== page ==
Rather than being fermented, this version of ginger beer is more of a simple soda, but is just as delicious and very easy to make.
Ginger is by far my most favorite aromatic. Even though I love garlic and its uses are more far-reaching, it’s ginger that makes my heart go pitty-pat when I come across a good recipe that calls for it.
Page 142 of the July issue of Cooking Light provides four such recipes.
I just about wept.
First off, the whole turbinado sugar thing and why to use it. Turbinado sugar is what brown sugar and ‘regular’ granulated sugar would have if they got together and had a baby. It’s grains are similar (but bigger) to granulated and it has a touch of molasses in it.
If you can’t find turbinado, look for sugar in the raw. If you can’t find that, try using a scant cup of granulated sugar along with two tablespoons of brown sugar. It won’t be exactly the same, but will be close.
One thing I did differently than the instructions called for was in how I dealt with my ginger. Instead of chopping it, I sliced it thinly. That way, after I had strained the syrup, I was able to toss the slices in sugar and ended up with some gorgeous candied ginger. See how smart I am?
Okay, so this isn’t an actual ginger beer since it’s just carbonated instead of fermented. So, as far as ginger ale goes, it’s really good. The lemon gives it a good pop of brightness but doesn’t take away from the ginger flavor. I liked that.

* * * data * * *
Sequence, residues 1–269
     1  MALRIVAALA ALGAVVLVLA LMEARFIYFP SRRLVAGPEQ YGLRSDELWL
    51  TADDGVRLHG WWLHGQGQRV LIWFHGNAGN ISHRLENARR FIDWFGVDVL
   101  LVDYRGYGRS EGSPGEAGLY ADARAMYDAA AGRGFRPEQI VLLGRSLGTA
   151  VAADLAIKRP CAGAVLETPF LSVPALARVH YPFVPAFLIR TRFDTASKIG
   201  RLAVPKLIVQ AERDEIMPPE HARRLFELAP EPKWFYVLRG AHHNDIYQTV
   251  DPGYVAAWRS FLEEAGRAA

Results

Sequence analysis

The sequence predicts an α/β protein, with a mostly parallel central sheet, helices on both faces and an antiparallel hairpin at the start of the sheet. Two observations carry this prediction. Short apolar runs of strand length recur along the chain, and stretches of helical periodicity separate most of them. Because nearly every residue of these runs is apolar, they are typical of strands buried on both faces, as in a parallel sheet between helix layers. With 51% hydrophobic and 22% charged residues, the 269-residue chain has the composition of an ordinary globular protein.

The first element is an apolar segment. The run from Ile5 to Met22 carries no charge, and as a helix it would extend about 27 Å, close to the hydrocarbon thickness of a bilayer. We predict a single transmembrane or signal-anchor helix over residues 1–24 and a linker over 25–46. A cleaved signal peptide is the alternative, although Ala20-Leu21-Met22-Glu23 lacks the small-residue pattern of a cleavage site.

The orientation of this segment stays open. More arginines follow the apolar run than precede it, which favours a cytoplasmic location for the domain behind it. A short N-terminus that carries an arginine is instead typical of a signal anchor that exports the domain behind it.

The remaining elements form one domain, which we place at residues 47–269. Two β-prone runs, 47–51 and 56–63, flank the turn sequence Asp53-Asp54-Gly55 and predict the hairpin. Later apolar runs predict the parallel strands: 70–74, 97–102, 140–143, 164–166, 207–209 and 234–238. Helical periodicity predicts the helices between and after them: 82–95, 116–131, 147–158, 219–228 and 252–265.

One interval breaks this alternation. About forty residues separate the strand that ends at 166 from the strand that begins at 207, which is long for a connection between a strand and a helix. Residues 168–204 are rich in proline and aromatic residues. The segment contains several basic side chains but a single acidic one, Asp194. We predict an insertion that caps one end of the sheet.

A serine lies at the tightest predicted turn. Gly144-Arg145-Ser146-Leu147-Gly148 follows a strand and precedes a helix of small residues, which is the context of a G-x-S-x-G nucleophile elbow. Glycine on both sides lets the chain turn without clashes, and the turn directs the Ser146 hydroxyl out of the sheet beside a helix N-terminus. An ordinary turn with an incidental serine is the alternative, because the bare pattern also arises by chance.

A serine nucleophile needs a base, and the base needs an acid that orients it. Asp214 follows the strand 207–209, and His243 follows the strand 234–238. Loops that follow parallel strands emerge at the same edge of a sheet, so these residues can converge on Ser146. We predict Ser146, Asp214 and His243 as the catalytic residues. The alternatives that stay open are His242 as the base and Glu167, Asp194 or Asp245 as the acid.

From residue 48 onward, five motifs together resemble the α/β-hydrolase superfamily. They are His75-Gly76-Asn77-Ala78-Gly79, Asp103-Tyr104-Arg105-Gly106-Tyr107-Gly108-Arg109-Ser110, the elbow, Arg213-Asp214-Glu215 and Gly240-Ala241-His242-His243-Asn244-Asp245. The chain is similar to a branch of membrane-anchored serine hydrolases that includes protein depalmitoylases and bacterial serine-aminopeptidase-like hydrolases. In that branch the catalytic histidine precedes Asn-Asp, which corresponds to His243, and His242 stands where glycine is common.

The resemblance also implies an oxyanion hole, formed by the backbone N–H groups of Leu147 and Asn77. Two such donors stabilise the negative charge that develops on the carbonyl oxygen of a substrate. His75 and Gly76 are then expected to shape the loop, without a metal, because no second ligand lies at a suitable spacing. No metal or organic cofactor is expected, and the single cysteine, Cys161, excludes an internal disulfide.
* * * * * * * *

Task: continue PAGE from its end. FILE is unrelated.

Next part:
What I’d Do Different Next Time
I’d thinly slice the ginger instead of chopping it so I can toss the slices with sugar and enjoy candied ginger later.
- 4 ounces chopped peeled fresh ginger
- 2 cups water
- 1 cup turbinado sugar
- ? teaspoon salt
- 4 tablespoons fresh lemon juice
- 32 ounces soda water chilled
- Combine ginger, 2 cups water, turbinado sugar, and salt in a medium saucepan over medium-high heat. Bring to a boil, stirring to dissolve sugar. Reduce heat, and simmer for 45 minutes.
- Cool completely; strain ginger syrup through a fine sieve.
- For each serving of ginger beer, combine 2 ounces ginger syrup, 1 tablespoon fresh lemon juice, and 8 ounces chilled soda water in a tall glass.
I'm a mom who loves to cook and I'm taking on the challenge of making magazine recipes at home; without a sous chef, without a test kitchen, without an endless food budget. The result is the truth about how well a recipe comes together, how good it tastes, and how accurate the ingredients and instructions are. For those who want to know before they try, this is for you.